We’ve all heard it at some point. And we may have even said it on occasion.

The next level.

“Because of the recent economic and competitive challenges confronting our company, it’s imperative that we reject the status quo, and instead, take this organization to the next level.” (Lots of applause)

“Pat, if you’re truly serious about moving up to the District Manager role, you’ll have to take your game to the next level.”

“Dude, I’m stuck on Candy Crush 510. How do I get to the next level?!”

With the exception of the last example, “the next level” has become a catchphrase, with widespread popularity and usage in business, often with little consideration of its impact.

And it is the impact of “the next level” that is its own undoing, its Achilles Heel.

Although we may nod encouragingly, often obligingly, when someone says we need to take ourselves or our company to “the next level”, do we truly know where that is or what he/she means?

If I, living in Savannah, Georgia, ask you what’s the best way to get to San Francisco, and you simply reply, “Go west”, I might think you either a bit insincere, or worse, a bit dull.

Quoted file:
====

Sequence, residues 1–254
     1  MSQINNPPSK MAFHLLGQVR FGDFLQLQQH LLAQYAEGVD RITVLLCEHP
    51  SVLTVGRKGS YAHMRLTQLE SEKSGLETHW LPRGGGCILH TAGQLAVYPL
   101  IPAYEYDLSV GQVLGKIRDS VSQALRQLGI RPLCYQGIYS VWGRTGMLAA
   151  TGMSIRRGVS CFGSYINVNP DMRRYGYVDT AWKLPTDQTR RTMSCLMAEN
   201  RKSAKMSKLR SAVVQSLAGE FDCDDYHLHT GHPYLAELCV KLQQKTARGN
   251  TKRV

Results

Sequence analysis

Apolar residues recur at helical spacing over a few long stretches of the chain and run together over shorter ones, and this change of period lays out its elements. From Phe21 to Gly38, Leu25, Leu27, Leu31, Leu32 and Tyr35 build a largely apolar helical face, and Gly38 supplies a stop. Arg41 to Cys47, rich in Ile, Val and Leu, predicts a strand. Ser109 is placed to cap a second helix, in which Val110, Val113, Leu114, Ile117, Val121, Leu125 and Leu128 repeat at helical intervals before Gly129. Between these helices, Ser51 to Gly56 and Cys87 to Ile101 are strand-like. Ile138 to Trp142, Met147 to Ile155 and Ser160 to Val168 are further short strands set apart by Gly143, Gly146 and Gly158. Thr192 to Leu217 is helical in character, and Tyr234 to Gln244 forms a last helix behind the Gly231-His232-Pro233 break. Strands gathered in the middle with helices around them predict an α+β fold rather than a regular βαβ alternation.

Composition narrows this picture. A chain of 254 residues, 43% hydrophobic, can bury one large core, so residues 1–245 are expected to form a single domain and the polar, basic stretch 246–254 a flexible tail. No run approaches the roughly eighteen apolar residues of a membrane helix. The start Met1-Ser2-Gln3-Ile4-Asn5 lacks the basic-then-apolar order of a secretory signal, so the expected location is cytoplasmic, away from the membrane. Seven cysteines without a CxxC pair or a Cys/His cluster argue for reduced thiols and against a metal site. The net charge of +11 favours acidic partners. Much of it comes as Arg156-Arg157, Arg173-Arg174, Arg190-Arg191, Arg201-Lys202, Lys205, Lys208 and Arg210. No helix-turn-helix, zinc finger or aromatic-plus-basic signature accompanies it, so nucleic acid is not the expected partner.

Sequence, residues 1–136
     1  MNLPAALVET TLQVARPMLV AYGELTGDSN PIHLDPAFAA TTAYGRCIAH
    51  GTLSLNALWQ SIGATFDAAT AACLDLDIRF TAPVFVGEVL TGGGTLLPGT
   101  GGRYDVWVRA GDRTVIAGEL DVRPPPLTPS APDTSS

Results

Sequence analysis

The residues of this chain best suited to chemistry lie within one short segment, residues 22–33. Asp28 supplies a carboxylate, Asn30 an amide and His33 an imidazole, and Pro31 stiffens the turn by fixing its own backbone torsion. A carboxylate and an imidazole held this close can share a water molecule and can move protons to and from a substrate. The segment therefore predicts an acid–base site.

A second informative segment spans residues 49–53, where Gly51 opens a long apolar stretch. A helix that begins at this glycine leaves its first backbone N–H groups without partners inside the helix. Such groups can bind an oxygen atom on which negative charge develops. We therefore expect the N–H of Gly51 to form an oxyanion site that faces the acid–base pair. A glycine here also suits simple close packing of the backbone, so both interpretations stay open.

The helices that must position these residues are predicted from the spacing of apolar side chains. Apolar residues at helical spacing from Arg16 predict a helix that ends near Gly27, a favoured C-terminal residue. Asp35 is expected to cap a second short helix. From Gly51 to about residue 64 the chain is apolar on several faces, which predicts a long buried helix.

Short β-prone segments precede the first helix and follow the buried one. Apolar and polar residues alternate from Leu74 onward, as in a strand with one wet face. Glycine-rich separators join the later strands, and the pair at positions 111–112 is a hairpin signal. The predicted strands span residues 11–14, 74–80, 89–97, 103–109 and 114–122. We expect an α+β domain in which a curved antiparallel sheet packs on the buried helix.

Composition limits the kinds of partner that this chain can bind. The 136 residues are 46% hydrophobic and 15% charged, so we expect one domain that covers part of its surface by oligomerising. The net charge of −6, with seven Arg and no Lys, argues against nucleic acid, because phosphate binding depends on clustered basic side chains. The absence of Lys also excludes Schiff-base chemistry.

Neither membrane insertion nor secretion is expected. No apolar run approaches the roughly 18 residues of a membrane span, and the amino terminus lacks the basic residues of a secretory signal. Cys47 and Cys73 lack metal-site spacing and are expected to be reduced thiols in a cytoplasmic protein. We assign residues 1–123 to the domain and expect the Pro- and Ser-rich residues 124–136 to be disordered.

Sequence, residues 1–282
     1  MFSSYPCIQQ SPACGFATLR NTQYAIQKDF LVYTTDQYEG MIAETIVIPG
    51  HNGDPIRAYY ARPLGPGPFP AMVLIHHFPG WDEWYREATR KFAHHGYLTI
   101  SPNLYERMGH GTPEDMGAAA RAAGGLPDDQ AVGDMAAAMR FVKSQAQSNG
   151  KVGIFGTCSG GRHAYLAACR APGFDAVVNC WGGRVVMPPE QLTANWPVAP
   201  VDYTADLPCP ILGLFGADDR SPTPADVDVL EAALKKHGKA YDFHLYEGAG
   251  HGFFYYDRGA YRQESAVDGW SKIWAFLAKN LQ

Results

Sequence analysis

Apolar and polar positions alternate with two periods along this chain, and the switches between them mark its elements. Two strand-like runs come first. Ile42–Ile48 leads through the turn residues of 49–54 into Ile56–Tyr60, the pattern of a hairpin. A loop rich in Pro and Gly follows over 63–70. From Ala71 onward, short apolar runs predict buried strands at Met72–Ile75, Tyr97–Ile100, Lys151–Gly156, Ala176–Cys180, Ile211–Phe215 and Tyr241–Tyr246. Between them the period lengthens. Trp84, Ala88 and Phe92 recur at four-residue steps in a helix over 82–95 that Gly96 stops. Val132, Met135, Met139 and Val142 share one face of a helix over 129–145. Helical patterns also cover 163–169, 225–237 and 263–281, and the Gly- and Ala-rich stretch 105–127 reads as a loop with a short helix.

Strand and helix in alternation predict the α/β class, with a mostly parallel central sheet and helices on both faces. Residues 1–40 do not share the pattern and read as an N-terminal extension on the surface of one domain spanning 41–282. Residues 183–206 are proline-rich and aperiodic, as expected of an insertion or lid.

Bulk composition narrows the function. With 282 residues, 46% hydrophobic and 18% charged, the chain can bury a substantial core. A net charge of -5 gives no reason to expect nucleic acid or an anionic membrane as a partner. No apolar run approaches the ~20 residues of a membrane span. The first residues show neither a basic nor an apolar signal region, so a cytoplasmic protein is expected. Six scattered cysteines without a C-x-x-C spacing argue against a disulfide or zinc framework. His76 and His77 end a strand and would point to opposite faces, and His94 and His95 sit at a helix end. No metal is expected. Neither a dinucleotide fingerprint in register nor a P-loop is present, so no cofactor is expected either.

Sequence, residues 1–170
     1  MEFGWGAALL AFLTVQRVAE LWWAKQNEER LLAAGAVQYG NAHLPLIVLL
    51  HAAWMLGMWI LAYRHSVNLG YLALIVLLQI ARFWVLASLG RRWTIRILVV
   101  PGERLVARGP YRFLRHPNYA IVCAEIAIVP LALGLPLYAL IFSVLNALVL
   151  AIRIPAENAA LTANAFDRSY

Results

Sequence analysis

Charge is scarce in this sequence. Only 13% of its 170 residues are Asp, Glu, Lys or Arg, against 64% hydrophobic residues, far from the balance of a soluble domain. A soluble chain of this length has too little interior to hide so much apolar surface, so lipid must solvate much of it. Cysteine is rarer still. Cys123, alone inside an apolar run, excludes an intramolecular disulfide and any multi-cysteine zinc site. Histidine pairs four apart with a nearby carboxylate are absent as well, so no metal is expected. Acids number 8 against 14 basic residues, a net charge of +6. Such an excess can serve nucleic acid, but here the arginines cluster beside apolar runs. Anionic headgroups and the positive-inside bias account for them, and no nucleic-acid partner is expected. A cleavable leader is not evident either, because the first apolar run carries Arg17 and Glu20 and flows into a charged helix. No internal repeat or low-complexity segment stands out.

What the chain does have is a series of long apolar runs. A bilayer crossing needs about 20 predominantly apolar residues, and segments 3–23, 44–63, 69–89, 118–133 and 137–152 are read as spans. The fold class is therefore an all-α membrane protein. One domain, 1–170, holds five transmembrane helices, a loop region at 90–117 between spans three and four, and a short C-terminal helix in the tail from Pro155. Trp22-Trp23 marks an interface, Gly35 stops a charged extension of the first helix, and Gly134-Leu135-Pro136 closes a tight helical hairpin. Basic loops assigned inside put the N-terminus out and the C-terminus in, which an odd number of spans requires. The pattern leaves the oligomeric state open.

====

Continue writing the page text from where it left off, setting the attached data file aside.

Similarly, if I tell you that you need to get to the next level, might you wonder:

a) “Where exactly is that?” (i.e., “What precisely do you have in mind?”);
b) “Okay, but how do I get there?” (i.e., “What does success look like?”); and
c) “Will you help me get there?” (i.e., “Or am I basically on my own, and need to fend for myself?”)

“The next level” is a bit like The Emperor’s New Clothes. On the surface, it appears to mean something, but look a bit longer, and its vagueness, and at times, its vacuousness, become quite stark.

So to avoid the confusion that ensues after people hear they must get to “the next level”, and before we utter those words the next time, we should ask ourselves:

1. Where or what exactly do I mean by “the next level”?
2. How do I propose we/you get there?
3. How will I help us/you get there?

So in the end, we don’t need to rid ourselves of “the next level”, but a slight modification would help:

“…and so I say to you, dear colleagues, we must take this company to the next level…………………., which means…” (add detail here, and expect more sincere, and now well-informed applause).


  • Good job, David. You write with such clarity that your posts are a joy to read. The message is always straightforward and uncomplicated. Best, Lydia

  • Many thanks, Lydia. I greatly appreciate your comments.

  • Another insightful article. I always enjoy reading your 60 second. Thanks for giving us all something to think about each month.